I was excited when the 25 Year Environment Plan (25YEP) was launched by the Prime Minister in January. The plan sets out the government’s long term commitment to enhance nature, increase stewardship and empower people to work together to achieve more for the environment in England. The reasoning behind this is that the natural environment is the basis of people’s health, wellbeing and prosperity! Making this connection explicit in people’s minds and activities is a big progression. I can feel a change toward a new phase where people and nature are considered as a highly connected system which benefits and affects both in strong ways we all should take into consideration.
This is different to how we have thought about, interacted with, and especially how we have managed, the marine environment up to now. I feel lucky to be involved in exploring how to deliver some of these new approaches to managing. I am the programme lead for the Marine Pioneer which is one of four pioneer programmes set up by Defra and its delivery bodies to innovate delivery of the 25YEP.
The plan highlights how reliant on nature we are and agreeing our responsibilities toward it is a crucial job. This requires lots of people working together in partnership. The marine pioneer has two partnerships working in Suffolk and North Devon and involves policy, evidence and delivery people from all over the country. Here are some of the people already involved.
The MMO in collaboration with the Suffolk Coast and Heaths AONB and North Devon UNESCO Biosphere partnerships are bringing together decision makers, stakeholders and experts to demonstrate new ways of managing and enhancing the environment for multiple benefits. The work in both North Devon and Suffolk focuses on demonstrating how nature is integral to our decision making. It is doing this through the lens of a natural capital approach, exploring how to get more joined up planning and delivery and investigating the opportunities for adapting sustainable finance mechanisms. It is exciting but challenging to work collectively and more like a system on this.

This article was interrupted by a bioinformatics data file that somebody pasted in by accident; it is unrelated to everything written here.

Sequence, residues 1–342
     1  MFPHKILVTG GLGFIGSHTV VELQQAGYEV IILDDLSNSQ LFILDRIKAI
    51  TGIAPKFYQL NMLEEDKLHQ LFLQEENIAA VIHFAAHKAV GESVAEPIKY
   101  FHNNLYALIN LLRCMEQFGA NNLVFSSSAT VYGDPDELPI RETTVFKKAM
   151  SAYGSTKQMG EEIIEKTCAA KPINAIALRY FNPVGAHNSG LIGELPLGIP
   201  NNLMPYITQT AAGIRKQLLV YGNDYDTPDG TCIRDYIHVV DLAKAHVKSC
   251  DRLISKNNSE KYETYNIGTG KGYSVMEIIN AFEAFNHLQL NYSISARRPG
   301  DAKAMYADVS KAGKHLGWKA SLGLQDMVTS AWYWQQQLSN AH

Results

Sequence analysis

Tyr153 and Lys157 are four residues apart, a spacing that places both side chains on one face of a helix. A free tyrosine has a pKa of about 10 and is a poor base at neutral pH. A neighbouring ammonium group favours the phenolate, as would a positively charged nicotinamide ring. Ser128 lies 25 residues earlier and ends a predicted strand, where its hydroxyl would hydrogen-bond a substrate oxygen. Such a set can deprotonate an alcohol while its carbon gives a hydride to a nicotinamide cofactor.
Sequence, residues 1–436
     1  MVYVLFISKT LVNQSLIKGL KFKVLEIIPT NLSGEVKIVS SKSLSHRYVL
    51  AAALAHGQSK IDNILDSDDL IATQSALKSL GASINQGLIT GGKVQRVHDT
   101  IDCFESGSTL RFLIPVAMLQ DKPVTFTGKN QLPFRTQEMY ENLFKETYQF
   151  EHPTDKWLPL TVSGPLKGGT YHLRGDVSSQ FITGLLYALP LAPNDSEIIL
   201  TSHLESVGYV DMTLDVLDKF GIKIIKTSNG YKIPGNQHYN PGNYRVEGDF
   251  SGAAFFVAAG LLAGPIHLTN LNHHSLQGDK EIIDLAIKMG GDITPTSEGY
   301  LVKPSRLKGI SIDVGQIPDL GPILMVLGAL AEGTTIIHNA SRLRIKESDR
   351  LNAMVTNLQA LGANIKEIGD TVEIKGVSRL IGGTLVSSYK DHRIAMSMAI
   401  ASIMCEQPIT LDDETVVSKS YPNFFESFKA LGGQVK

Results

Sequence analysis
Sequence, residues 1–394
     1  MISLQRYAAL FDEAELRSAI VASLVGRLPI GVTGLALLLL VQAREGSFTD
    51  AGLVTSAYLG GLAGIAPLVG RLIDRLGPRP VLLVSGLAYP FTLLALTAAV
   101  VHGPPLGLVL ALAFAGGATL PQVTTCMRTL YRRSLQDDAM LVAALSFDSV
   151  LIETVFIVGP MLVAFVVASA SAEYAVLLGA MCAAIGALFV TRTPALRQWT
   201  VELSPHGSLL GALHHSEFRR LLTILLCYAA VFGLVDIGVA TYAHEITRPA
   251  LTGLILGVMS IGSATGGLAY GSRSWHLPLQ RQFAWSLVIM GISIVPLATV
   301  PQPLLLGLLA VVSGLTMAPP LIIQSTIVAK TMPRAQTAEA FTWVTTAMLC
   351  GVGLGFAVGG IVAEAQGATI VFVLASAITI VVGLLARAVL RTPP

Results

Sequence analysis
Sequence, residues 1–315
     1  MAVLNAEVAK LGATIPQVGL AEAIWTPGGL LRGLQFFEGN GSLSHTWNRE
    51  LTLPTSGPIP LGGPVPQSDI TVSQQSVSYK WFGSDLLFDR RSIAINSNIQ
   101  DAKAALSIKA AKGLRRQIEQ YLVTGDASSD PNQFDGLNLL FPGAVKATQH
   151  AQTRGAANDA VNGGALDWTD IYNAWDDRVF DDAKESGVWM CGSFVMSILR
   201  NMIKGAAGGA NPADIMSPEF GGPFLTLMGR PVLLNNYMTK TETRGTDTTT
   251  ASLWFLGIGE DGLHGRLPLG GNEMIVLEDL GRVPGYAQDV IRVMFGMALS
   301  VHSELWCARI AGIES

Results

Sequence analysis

In North Devon we are collaborating with the Landscape Pioneer on net gain (enhancing rather than just maintaining nature) and integrated delivery, as well as engaging with coastal stakeholders to highlight our opportunities for investment in nature. We are benefitting from the South West Partnership for Environmental and Economic Prosperity (SWEEP) academic work which is developing natural capital asset and risk registers (what resources are there and what are their condition). This helps to identify where investment is required as well as mapping the benefits and beneficiaries. SWEEP is also assisting decision makers realise enhancement by developing natural capital support tools.
There is a good collaboration with WWF through their UKSEAS project on marine protected areas (MPAs) in North Devon, including developing a governance toolkit, stakeholder mapping and analysis and sustainable funding options for governance. There are also several fisheries projects in development by Devon and Severn Inshore Fisheries and Conservation Authority (IFCA), the Biosphere team, the commercial fishing sector and the Blue Marine Foundation.
All this work will help to achieve the vision for North Devon’s Biosphere marine area as well as providing lessons and advice for delivering the 25 YEP.
In Suffolk communities and local delivery and management bodies have long collaborated on management of the coast. Building on these relationships, the Marine Pioneer is applying a natural capital approach to saltmarsh management to illustrate how natural capital can be enhanced by communities for communities. The Suffolk coast is highly protected with many important places and features which together provide a substantial amount of natural resources to people and nature. Natural England and others are working within the pioneer to improve stewardship and develop new approaches to the use and management of protected areas.
We are benefitting greatly from having a dedicated financial expert from Coastal Partnerships East who is bringing a new perspective on opportunities for funding enhancement of natural capital with benefits for nature and people, particularly at Kessingland and Benacre in Suffolk. There is a huge amount of marine industry and activity off the Suffolk coast. The MMO is working with the Seabed Users Development Group (SUDG), communities and statutory advisors on a couple of demonstration projects to outline how to achieve net gain alongside development including recycling of natural materials to enhance biodiversity.
We are having a conference to talk about the work so far and get more insights from people on enhancement of natural capital, increasing stewardship across society and integrating delivery and planning. It is on the 28th of June and will be at the WWF’s impressive Living Planet Centre just a 25 minute train journey from London in Woking.
You can find out more on what the marine pioneer is all about and read a document listing and describing all the demonstration projects on GOV.UK.
Please get in touch with me if you are interested in the pioneer firstname.lastname@example.org.